Keep an eye on those in state power

Lesotho Times - - Feedback - Makhabane Maluke

MACHI­AVEL­LIANS surely have a rea­son for keep­ing a keen in­ter­est in the be­hav­ior of rulers of States.

Rulers are hu­man be­ings and be­have as such one way or the other. From day one of the ABC/LCD/BNP Coali­tion, the writ­ing flick­ered on the high walls of Maseru that it was doomed to fail­ure. The two-year run has ac­tu­ally been longer than many ex­pected.

The ex­clu­sion of the most popular party in gov­ern­ment was a huge mis­cal­cu­la­tion. This coali­tion was an out­come of mere luck and for­tune. It was only blessed with very vo­cal loy­al­ists and sym­pa­thiz­ers, but con­spic­u­ously lacked the es­sen­tial tech­nocrats in some crit­i­cal ar­eas.

It is only through de­pend­able tech­nocrats who can iden­tify the best op­tions for their gov­ern­ments to sta­bilise. Ba­sotho re­main ea­ger to see the au­dit re­ports for the two-year coali­tion rule.

Many prin­ci­pal sec­re­taries were novices as chief ac­count­ing of­fi­cers in min­istries. Some of them were quickly re­de­ployed else­where at the ex­pense of ser­vice de­liv­ery and ac­count­abil­ity to par­lia­ment.

The weak­est link within this coali­tion was not just the num­ber of con­tracted par­ties. In­deed, too many cooks of­ten spoil the broth. This was in ad­di­tion to a ten­dency for a puppy to hold a fully grown bull dog to ran­som in a coali­tion sit­u­a­tion.

A ma­jor weak­ness was that some par­ties were less and least popular, re­spec­tively. The coali­tion could not es­tab­lish its roots in the ho­mo­ge­neous sys­tem it in­her­ited from congress gov­ern­ments.

It had to in­vent its own sys­tem with a hope to prop up each con­trac­tor and his camp first, and fi­nally the coali­tion.

Turfs were cre­ated as no go ar­eas, even by the Head of Gov­ern­ment. We await to see the rul­ing on a Min­is­ter of the Crown who de­clined to be fired. This coali­tion is a real joke where min­is­ters can be red carded any­time, by the ref­eree.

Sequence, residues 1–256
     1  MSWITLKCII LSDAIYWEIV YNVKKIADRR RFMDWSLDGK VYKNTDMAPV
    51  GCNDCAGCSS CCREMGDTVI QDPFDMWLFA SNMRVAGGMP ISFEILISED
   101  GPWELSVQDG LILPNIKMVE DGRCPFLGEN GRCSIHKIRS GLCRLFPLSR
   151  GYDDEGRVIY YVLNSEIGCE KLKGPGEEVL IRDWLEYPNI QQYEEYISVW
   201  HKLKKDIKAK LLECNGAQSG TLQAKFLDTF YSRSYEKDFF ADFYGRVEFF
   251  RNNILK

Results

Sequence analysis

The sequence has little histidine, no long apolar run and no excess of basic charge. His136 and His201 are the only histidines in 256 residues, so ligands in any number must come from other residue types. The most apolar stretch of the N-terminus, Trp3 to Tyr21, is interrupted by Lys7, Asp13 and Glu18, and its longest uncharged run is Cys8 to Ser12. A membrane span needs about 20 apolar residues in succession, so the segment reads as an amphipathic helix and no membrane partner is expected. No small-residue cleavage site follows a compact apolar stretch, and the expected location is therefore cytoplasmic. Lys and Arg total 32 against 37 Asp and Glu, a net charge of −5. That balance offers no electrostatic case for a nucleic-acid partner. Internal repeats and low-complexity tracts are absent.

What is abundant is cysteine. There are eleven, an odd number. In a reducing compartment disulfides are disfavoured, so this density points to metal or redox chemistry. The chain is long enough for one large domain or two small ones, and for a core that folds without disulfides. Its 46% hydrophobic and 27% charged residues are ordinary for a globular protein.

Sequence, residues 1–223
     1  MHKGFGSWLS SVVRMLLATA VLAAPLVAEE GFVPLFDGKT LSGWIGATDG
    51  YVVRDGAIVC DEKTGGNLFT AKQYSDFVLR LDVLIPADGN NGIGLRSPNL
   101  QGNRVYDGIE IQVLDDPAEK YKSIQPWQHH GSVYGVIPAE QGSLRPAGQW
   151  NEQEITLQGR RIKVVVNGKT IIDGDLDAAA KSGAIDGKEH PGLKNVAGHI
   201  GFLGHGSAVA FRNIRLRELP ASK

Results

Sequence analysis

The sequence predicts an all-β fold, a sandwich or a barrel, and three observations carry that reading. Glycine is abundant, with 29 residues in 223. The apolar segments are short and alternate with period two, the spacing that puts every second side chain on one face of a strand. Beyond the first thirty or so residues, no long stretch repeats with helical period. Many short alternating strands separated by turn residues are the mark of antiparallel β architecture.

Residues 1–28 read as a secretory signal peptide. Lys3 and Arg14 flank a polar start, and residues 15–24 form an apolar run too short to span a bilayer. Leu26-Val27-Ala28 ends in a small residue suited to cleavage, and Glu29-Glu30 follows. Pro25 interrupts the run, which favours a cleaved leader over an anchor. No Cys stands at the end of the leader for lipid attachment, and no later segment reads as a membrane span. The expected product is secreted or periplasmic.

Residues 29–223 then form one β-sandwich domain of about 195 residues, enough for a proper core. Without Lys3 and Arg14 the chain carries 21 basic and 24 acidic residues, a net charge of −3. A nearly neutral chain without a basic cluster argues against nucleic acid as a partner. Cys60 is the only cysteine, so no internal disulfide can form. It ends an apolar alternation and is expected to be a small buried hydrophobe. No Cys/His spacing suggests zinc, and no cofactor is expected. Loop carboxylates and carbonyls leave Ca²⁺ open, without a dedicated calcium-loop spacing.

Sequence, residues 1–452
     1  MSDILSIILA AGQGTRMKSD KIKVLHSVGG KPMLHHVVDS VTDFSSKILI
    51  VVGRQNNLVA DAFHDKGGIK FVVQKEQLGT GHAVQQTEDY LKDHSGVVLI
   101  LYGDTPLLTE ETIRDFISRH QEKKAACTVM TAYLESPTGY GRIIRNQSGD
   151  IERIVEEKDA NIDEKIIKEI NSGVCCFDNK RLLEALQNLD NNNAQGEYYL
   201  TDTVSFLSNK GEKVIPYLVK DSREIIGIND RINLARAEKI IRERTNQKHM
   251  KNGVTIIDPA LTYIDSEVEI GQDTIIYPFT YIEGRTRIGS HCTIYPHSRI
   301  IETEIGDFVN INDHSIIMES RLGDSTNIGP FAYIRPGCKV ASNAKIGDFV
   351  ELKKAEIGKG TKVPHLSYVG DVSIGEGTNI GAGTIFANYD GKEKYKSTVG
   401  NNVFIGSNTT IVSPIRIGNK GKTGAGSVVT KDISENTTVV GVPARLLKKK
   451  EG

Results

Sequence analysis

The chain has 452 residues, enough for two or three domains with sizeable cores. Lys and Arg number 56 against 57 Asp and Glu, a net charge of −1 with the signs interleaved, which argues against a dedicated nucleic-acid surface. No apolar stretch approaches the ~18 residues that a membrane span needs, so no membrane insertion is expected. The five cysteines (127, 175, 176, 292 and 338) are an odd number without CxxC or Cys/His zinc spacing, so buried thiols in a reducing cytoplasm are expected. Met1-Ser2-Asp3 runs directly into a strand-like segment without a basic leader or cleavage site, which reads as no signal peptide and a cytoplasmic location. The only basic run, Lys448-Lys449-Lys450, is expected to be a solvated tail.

The ten­dency is for gov­ern­ments founded on luck to find the courage to ex­pect for­eign mil­i­tary support/in­ter­ven­tions or mer­ce­nar­ies for sur­vival. This is why early signs of imag­ined dis­tur­bances gen­er­ated loud calls for South­ern African De­vel­op­ment Commu- nity (SADC) to come to Le­sotho and main­tain or­der.

That very SADC has Machi­avel­lians and tech­nocrats. They read the writ­ing on the walls along King’s Way.

It could be on this ba­sis that they did not hand over the chair­man­ship which Le­sotho was con­fi­dently look­ing up to re­ceive at Vic­to­ria Falls. SADC is also out to en­sure that this coali­tion gov­ern­ment is peace­fully re­placed in Fe­bru­ary 2015.

It was no sur­prise that this coali­tion found it ex­pe­di­ent that both the Le­sotho De­fense Force and Le­sotho Mounted Po­lice Ser­vice be brought un­der a sin­gle au­thor­ity. This may have been de­signed to de­velop a sys­tem that would ex­cep­tion­ally prop up the for­tu­itously ac­quired rule.

We now talk about a failed ex­per­i­ment which only re­minds many Ba­sotho about the BNP rule when the po­lice and PMU were un­der the prime min­is­ter; with a highly mil­i­tarised Po­lice, sup­ple­mented with lo­cal re­servists of Le­botho La Khotso. Vic­tims of those ar­range­ments were largely the cit­i­zens who held po­lit­i­cal views in con­flict with those rulers in power then.

This coali­tion was wel­comed with a con­sid­er­able amount of flat­tery; i.e. en­cour­age­ment and cheer­ing, from wrong sources though. There is al­ways some mo­tive be­hind any form of flat­tery di­rected at the gov­ern­ment.

Dur­ing the cer­e­mony to swear-in the sec­ond batch of min­is­ters and deputy min­is­ters of this coali­tion, one of the of­fi­ci­at­ing mem­bers of the clergy com­mented about an en­act­ment by the pre­vi­ous gov­ern­ment where ex­pect­ing moth­ers would be al­lowed to abort on med­i­cal grounds.

That was flat­tery de­signed to urge the in­com­ing gov­ern­ment to re­think this law when it got into of­fice.

That was a typ­i­cal flat­tery from a man of God, ex­cept that it was a mis­fit for a swear­ing-in cer­e­mony of min­is­ters of gov­ern­ment. It is known that flat­tery can take gov­ern­ment on its wings.